Around the time that Georges Méliès was experimenting with superimposition and other optical effects to enhance his on-screen "stage acts," American director Frederick S. Armitage was testing similar techniques for manipulating cinematic reality. Davey Jones' Locker (1900) was produced for the American Mutoscope and Biograph Company, and was created by double-printing two sets of images, originally filmed between 1896 and 1899, over each other. The result is that the two images – one a character (a dancing skeleton) and the other an environment (a shipwrecked boat in the waves) – appear to coexist with each other, the skeleton given the translucent weightlessness of a ghost or spirit. The film is an amusing curiosity, but lacks the complexity of contemporary Méliès efforts like The Four Troublesome Heads (1898) or The One-Man Band (1900).
Neptune's Daughters (1900)
USA, 1 min

Neptune's Daughters (1900) was produced by prolific early American director Frederick S. Armitage for the American Mutoscope and Biograph Company. The short film is notable for its early use of superimposition, double-printing images from Ballet of the Ghosts (1899) over an ocean landscape from Sad Sea Waves (1897). The result is that the four woman, draped in white, appear to emerge from the ocean like ghosts, before breaking into dance on top of the water surface. Armitage made a few of these short films and this is probably the least visually impressive of the three I've seen, though all are worthwhile for anybody interested in the early development of cinema's visual effects.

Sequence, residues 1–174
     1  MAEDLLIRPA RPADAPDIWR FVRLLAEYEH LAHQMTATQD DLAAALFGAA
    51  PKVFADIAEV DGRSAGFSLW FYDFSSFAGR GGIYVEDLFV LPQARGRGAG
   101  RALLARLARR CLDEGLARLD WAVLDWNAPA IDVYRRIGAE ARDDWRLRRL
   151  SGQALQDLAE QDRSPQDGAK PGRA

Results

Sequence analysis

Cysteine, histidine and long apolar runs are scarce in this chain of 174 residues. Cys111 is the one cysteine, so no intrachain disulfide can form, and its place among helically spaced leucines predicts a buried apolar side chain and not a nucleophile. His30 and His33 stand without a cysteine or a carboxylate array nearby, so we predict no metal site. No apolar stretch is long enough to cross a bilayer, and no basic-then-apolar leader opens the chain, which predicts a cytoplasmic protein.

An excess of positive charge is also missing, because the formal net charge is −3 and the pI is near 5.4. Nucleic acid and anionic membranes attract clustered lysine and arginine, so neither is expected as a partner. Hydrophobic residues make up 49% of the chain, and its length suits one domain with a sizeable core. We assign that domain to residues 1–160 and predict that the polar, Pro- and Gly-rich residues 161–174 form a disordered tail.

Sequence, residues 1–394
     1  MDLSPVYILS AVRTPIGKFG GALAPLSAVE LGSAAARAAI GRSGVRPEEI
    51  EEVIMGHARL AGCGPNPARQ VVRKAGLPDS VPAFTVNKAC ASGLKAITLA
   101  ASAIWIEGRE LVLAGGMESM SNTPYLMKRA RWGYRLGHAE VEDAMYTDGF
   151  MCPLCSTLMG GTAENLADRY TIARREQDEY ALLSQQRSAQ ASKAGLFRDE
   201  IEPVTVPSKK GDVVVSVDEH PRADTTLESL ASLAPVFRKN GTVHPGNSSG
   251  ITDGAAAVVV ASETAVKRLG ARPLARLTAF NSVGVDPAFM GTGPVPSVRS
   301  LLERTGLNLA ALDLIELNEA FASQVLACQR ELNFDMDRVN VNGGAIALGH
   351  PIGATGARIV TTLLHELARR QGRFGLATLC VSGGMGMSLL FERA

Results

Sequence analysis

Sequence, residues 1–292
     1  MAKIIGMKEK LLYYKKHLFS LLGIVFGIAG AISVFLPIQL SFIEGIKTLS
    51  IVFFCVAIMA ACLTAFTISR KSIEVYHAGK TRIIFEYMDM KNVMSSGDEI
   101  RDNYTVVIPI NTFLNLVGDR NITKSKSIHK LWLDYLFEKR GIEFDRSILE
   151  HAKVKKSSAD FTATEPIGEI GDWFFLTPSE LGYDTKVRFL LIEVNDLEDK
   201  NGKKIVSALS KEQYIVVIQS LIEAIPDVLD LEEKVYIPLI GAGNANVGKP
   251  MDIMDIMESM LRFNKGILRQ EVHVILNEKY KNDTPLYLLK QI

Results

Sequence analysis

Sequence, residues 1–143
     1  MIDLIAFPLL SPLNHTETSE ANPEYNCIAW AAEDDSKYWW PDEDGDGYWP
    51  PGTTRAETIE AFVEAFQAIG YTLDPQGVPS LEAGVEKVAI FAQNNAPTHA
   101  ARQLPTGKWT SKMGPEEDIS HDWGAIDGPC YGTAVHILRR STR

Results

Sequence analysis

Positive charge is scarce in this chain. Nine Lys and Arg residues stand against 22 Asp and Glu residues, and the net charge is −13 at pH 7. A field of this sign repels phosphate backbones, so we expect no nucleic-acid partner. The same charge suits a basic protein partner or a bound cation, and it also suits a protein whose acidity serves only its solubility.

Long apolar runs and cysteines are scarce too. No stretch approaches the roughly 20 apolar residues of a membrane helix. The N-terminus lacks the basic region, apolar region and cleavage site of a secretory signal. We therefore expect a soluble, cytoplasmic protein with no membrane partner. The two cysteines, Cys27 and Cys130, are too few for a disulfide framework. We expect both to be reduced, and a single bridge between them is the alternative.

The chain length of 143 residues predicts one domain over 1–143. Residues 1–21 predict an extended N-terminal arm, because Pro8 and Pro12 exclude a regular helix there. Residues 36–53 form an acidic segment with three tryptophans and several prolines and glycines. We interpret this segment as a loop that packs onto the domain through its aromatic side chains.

A Nymph of the Waves (1900)
USA, 1 min

Of the three ocean-themed cine-dance superimpositions directed by Frederick S. Armitage for the American Mutoscope and Biograph Company, A Nymph of the Waves (1900) was the most impressive. The scenario is reasonably straightforward. Armitage superimposed existing footage of dancer Catarina Bartho (from the film M'lle. Cathrina Bartho (1899)) over the image of water from Upper Rapids, from Bridge (1896). The result is that the dancer appears to be performing a burlesque dance routine on the surface of the water, twirling and kicking as the waves appear to lap about her ankles. The effect is actually quite convincing, and the water flowing steadily from left to right creates the pleasant illusion of camera movement in the opposite direction.

Thursday, September 3, 2009

Avant-Garde: Junkopia (1981, Chris Marker, John Chapman, Frank Simeone)

Junkopia (1981)
France, 6 min
Written by: Chris Marker
Starring: Arielle Dombasle (voice)